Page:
Still life illustrating ethics concept

Technology Innovation, but Make It Ethical: An Interview with Elizabeth Hofvenschiöld on Automated Vehicles, Values, and the Future

Mobility systems are key to our lives - how must we build them to reflect core values such as equity, sustainability, and accessibility? What role should technology play in this vision?

These were questions we explored during the summer academy “Expanding Innovation Horizons - Creating a Mobility System that Works for the 21st Century,” organised by the Swiss Study Foundation with Katja Schechtner and Wolfgang Gruel. We spent the week creating a vision of a future mobility system and the role that Automated Vehicles (AVs) should have in it—following the idea that society should shape technology to create the future we imagine, rather than let technology shape our future.

'How exactly should we shape them, and how could this be done' are questions that Elizabeth Hofvenschiöld has been working on for years: Elizabeth is an expert in the field of Applied Ethics, and is currently a professor at the European School of Business at Reutlingen University, with experience as an applied ethics practitioner in the automotive & communications industries. She is also a Futurist: Somebody who anticipates change with the help of different tools, and who investigates how emerging technologies might shape our future.

In this interview, she talks about the importance of including ethics in product development, why diversity matters in the context of ethics, and how we can include a little futurism in our daily lives.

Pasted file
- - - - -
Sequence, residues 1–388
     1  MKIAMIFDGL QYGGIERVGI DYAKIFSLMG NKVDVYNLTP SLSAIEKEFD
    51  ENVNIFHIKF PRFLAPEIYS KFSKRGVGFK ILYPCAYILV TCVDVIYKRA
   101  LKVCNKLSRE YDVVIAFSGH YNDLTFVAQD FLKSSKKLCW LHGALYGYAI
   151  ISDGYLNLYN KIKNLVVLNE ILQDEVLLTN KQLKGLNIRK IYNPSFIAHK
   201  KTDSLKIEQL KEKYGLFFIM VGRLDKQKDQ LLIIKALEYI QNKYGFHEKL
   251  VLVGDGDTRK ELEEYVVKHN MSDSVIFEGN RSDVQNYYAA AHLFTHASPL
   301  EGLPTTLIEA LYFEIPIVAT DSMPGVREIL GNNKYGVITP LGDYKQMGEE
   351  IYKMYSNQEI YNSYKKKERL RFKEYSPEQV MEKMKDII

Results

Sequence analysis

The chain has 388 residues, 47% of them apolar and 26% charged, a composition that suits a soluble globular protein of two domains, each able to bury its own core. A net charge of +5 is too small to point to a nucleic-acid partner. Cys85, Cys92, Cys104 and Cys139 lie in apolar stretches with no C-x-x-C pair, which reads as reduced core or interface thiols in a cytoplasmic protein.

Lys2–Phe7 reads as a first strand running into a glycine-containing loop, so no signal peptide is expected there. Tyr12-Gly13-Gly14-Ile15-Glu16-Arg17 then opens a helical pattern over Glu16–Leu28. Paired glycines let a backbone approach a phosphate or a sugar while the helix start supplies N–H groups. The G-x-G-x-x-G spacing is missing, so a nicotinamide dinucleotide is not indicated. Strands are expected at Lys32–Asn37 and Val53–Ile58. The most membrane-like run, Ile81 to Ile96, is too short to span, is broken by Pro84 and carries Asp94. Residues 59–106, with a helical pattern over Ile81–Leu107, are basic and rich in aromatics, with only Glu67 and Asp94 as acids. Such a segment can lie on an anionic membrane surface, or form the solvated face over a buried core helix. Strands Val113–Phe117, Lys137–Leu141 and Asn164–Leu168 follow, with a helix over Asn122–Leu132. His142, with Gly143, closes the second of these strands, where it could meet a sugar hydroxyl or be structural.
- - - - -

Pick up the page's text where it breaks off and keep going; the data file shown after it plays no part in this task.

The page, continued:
Sonja Leyvraz: Beth, you work in the field of ethics for AVs – why do we need ethics for AVs? Are traffic laws not enough to regulate the behaviour of AVs?

Elizabeth Hofvenschiöld: It is important to apply ethics to any form of technology, but especially emerging technologies. Ethics is already hardwired in the decisions of the designers and the developers – but they are not aware of it. Therefore, by explicitly incorporating ethics in the product development process, the designers and engineers can make much more conscious decisions, and also understand what the potential consequences of their decisions are – for technologies that will only be on the market in five to ten years in the future.

Social media, I believe, is a great case study for understanding the importance of ethics in design decisions. Back in the 2000s, people really did not think about the consequences of what they were doing; there was this culture of “move fast and break things, we can correct it later”. But they did not understand that their design decisions, like making things addictive so people stay online or optimising the advertisements people see, had social and even physical impacts. And we have seen really disturbing statistics coming out of this: The rate of suicide in girls between the ages of 12 and 18 in the US has increased by 50% from about 2010 to about 2020 – and there is a correlation between this rate and their use of social media. That is why it is so crucial to think about ethics in the beginning.

In the specific context of AVs, it is important to use ethics also because it fills in the gap: traffic laws are created for human beings and behaviour that has already been codified for over a hundred years. But now we are talking about driverless vehicles going through situations that cannot be dealt with the existing traffic laws because they were made from a human perspective, based on human behaviour. So, ethics helps to bridge the gap and to think about the consequences of your technology.

SL: That makes sense. What do you do on a daily basis to achieve that?